“Our experiences can exist on a spectrum,” says abortion apologist Aspen Baker. Baker is the founder of “Exhale,” which features a hotline women can call for support after an abortion. The driving force behind Exhale is the notion that abortion experiences are what a woman believes them to be.
In May, Baker gave a TED talk in which she laid out the method taught to Exhale phone counselors who interact with post-abortive mothers calling for emotional support:
Ask open-ended questions: ‘How are you feeling?’ ‘What was that like?’ ‘What do you hope for now?' Another way to be a good listener is to use reflective language. If someone is talking about their own personal experience, use the words they use.
Baker’s idea, evidently, is that by giving women a platform to talk about their abortions and be heard by someone on the other end, the emotions that prompted them to call will sort themselves out. This idea is nice in theory, but in reality there is more to helping post-abortive women than listening to them and repeating their words back to them. A woman experiencing grief, remorse, or guilt may not find healing until someone affirms the existence of the lost Life whose death she is feeling so keenly.
Baker insists that the abortion debate needs to move beyond the sides of Pro-Life and “pro-choice,” merging into a murky middle that she triumphantly calls, “pro-voice.” She says: “personal abortion experiences don’t fit neatly into one camp or the other. … If we truly listen to one another, we will hear things that demand that we shift our own perceptions.” This statement is sneaky, but Baker seems to be referring here to the “perceptions” of morality that prompt most Americans to believe that abortion is fundamentally wrong. Therefore, the abortion movement experiences unparalleled progress when people adopt the belief that abortion is a morally relative decision.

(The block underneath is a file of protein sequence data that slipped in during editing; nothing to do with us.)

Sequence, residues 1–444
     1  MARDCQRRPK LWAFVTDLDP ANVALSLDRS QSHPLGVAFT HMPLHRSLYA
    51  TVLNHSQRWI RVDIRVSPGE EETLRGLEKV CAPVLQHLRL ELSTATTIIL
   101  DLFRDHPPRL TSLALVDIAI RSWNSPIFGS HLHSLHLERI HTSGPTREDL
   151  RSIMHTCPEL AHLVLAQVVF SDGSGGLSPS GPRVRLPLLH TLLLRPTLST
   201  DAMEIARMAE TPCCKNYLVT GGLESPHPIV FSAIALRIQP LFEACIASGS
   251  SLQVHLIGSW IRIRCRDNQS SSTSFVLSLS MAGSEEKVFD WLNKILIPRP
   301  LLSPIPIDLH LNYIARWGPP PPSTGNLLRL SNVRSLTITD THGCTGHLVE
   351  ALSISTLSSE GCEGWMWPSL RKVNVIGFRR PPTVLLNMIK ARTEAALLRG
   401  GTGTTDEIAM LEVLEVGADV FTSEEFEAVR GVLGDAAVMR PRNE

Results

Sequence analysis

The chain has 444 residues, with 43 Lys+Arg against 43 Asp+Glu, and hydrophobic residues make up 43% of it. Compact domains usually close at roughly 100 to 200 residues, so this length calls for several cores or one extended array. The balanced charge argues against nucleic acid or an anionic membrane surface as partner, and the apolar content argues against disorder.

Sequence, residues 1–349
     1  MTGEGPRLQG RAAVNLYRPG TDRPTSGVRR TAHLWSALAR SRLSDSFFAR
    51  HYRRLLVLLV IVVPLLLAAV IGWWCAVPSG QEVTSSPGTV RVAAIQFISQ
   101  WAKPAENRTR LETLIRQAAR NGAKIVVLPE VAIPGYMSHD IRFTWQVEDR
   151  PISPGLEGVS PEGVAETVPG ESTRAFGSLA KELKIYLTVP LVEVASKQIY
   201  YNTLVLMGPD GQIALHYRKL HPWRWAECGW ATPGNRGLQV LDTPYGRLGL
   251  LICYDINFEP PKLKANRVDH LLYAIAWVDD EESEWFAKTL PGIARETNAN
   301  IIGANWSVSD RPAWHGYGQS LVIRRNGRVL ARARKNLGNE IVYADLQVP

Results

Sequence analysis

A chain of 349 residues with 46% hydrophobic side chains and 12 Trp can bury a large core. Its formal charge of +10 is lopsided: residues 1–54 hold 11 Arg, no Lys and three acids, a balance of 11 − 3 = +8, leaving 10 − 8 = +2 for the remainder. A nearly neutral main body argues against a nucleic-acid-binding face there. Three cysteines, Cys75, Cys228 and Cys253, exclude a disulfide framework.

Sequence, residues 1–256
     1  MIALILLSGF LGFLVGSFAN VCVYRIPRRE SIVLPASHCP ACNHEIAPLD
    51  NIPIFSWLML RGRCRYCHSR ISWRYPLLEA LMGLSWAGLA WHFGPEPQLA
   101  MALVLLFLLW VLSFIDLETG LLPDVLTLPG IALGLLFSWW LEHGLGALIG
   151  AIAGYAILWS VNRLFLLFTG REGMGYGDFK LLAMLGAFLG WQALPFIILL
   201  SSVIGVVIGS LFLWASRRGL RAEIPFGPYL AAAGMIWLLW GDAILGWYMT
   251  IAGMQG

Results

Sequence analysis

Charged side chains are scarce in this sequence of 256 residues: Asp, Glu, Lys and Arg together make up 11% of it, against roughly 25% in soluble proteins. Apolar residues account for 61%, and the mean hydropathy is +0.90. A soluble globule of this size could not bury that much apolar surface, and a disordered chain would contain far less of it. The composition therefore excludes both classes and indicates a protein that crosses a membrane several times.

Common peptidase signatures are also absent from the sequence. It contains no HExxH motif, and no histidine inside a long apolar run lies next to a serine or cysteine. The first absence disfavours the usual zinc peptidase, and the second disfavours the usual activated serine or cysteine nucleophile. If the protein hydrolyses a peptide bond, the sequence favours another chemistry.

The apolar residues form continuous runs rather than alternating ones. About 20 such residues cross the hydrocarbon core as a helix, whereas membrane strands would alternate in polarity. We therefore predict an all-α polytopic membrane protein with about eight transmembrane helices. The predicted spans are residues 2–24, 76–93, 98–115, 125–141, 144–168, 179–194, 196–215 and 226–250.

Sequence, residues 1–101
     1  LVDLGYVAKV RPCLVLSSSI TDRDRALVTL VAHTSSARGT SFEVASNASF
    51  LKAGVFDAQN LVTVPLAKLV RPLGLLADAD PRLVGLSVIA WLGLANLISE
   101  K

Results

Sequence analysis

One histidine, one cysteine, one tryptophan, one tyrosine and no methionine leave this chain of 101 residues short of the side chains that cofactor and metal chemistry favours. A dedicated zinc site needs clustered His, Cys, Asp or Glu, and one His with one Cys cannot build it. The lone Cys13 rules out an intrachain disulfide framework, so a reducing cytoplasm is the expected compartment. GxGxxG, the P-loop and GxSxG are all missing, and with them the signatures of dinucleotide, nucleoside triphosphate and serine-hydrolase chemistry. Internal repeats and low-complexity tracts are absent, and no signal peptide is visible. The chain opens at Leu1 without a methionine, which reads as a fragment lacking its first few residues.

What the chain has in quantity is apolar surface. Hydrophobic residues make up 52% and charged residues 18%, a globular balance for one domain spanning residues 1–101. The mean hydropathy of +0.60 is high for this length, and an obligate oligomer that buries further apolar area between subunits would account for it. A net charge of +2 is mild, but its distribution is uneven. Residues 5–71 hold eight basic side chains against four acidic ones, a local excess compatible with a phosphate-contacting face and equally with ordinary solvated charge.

As a matter of fact, moral relativism is the name of Baker’s game. New Zealand’s Life.org explains the phenomenon:
Moral relativism teaches that there are no absolute moral truths… what is true for you may not necessarily be true for me. It believes and teaches there is no right or wrong, good or bad… Words like “ought” and “should” are rendered meaningless. In this way, moral relativism claims to be morally neutral.
From the inception of the abortion movement, advocates have relied on and repackaged this moral neutrality to serve their ends.
Ironically, this mandate of moral relativism does not extend to abortion activists themselves, who enshrine their beliefs as moral absolutes. Case in point: former Planned Parenthood president Faye Wattleton argued that legislation must allow women to “make their own moral decisions about childbearing.” Wattleton, like most abortion activists, achieved this end by lobbying for anti-Life legislation. One commentator identifies the self-destructing reasoning contained in Wattleton’s morally relativistic argument:
In fact, Wattleton has her own absolute she seeks to impose on other people: “Fundamental respect for others is morality of the highest order.” This is a personal moral position she strives to mandate politically. She writes, “I have devoted my career to ensuring a world in which my daughter, Felicia, can inherit that legacy.” What legacy? Her point of view. How does she ensure this? By passing laws. Faye Wattleton has devoted her career to ensuring a world in which her point of view is enforced by law.
In other words, abortion activists can cry, tolerance! on the grounds of moral relativism to defend unrestricted abortion, but they cannot be held to the same standard themselves when their own narrow view is threatened by someone who disagrees. Moral neutrality on abortion, furthermore, demands that we scrub the other person involved – the preborn child – from the picture entirely.
The factual reality of what happens in an abortion is utterly at-odds with any notion that abortion is a morally neutral decision. Last week, Father Frank Pavone of Priests for Life masterfully delineated the cognitive dissonance that exists within abortion advocacy, saying:
If abortion is really a social good, as the abortion movement is now claiming, it should be honestly discussed and described. If accurate and objective words sound inflammatory, we need to remember that they’re still accurate and objective – it’s the subject that’s the problem.
Fr. Pavone pointed to the story of Emily Letts, an abortion clinic worker who claimed to film her own abortion in order to empower other women and remove the stigma associated with killing one’s child. Except Letts did not actually film her abortion; she filmed her face as she experienced the abortion, which occurred off-camera. If, as Aspen Baker insists, we should freely discuss abortion, why can abortion advocates still not even look at abortion? Fr. Pavone calls this chasm between words and reality “defending the indefensible.” And the best way to defend the indefensible is to impose a system of moral neutrality.